WICHITA, Kan. (KSNW) – Contact tracing is a research method used to find most or all contacts a COVID-19 positive person has before, during and after a diagnosis.
It is happening on a limited basis in Sedgwick County.
KU School of Medicine-Wichita says Dr. Garold Minns has been doing contact tracing by himself and with current county staff.
Dr. Minns is the Sedgwick County health officer.
“On the health department side, he (Dr. Minns) said that it (Sedgwick County) has been doing contact tracing ever since the outbreak started,” said Belinda Venters with KU School of Medicine-Wichita. “Performing extensive contact tracing has been limited due to allotted testing supplies.”
On a large scale, contact tracing can involve teams of researchers. Hundreds of hours are spent by researchers contacting most, if not all, contacts a COVID-19 patient had in recent history.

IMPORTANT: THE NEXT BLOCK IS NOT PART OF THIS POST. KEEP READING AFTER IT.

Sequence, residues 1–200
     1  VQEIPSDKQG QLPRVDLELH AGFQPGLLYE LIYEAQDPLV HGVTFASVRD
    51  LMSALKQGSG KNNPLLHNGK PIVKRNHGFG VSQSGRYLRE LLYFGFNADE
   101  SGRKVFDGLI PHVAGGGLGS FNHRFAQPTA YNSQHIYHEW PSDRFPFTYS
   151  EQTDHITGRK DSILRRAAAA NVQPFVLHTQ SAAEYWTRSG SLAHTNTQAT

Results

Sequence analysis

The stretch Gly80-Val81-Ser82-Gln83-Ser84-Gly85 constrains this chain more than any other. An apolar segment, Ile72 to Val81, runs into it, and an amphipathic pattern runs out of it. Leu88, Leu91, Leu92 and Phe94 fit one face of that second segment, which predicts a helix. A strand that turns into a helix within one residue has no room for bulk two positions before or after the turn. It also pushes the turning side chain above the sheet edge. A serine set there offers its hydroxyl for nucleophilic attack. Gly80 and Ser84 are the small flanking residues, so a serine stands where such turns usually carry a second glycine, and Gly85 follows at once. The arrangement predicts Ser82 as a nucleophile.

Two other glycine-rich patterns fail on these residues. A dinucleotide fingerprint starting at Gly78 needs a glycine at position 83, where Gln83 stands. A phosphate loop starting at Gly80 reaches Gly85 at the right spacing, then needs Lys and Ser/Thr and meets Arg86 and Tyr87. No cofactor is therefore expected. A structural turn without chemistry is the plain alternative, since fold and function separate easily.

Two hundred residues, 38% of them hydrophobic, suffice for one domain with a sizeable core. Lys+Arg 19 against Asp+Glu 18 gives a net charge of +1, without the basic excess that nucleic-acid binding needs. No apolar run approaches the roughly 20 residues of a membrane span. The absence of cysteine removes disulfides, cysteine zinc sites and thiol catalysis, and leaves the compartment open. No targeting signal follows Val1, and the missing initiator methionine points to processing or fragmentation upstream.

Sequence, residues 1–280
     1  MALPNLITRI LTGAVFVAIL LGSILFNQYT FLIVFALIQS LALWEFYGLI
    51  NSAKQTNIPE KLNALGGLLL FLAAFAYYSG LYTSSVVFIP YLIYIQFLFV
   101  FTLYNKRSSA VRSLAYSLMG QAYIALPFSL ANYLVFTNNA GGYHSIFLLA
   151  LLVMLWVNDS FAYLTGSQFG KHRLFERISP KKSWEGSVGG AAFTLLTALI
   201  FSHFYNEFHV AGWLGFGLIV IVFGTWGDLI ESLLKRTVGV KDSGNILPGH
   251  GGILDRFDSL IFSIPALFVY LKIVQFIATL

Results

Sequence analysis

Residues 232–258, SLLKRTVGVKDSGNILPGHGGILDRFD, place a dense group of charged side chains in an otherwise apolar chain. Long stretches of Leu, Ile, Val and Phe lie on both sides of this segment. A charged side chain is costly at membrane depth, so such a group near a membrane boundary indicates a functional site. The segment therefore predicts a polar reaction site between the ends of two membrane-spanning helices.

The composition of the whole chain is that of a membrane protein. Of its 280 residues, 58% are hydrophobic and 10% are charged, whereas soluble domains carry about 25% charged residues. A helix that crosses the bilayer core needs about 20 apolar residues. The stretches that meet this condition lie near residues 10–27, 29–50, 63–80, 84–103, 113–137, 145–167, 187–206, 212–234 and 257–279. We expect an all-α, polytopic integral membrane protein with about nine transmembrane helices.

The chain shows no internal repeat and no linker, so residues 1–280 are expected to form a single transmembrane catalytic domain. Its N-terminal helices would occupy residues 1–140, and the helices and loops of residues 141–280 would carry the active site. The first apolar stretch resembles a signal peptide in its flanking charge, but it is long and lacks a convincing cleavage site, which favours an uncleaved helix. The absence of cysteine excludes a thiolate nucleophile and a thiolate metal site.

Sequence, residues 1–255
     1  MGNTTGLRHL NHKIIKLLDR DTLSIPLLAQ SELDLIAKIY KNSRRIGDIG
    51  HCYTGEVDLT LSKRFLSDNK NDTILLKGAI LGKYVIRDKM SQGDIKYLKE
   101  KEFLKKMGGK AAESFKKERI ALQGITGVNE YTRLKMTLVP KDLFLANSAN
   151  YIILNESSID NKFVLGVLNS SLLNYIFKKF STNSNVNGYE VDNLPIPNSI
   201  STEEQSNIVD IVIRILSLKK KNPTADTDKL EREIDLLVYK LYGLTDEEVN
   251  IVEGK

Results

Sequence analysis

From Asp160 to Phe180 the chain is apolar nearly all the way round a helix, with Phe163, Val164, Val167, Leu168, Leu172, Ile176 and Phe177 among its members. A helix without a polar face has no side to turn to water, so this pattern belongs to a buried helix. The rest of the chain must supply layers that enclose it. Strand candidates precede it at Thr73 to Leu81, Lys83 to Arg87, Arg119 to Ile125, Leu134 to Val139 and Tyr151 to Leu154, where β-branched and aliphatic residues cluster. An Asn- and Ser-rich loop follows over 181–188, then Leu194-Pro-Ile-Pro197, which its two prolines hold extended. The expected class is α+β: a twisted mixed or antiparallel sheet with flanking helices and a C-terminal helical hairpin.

In Wyandotte County, there are 20 medical students working on contact tracing along with hundreds of volunteers.
Besides volunteers, contact tracing can take money to mobilize teams of researchers.
“Contact tracing is really where we want to go,” said Wichita Mayor Brandon Whipple. “We are working with our friends at the federal government level to see if there are other funds available. We need more tests. We need more resources. But in the meantime, until we get that, I think Wichitans have been doing a really good job with social distancing.”
Contact tracing also is meant to inform and then monitor those who have come into contact with a COVID-19 patient. Contact tracing can also include cell phone data to locate potential COVID-19 contact.
Another spokesperson at the University of Kansas Medical Center says Wyandotte County has not received any funding to assist with the contact tracing efforts.
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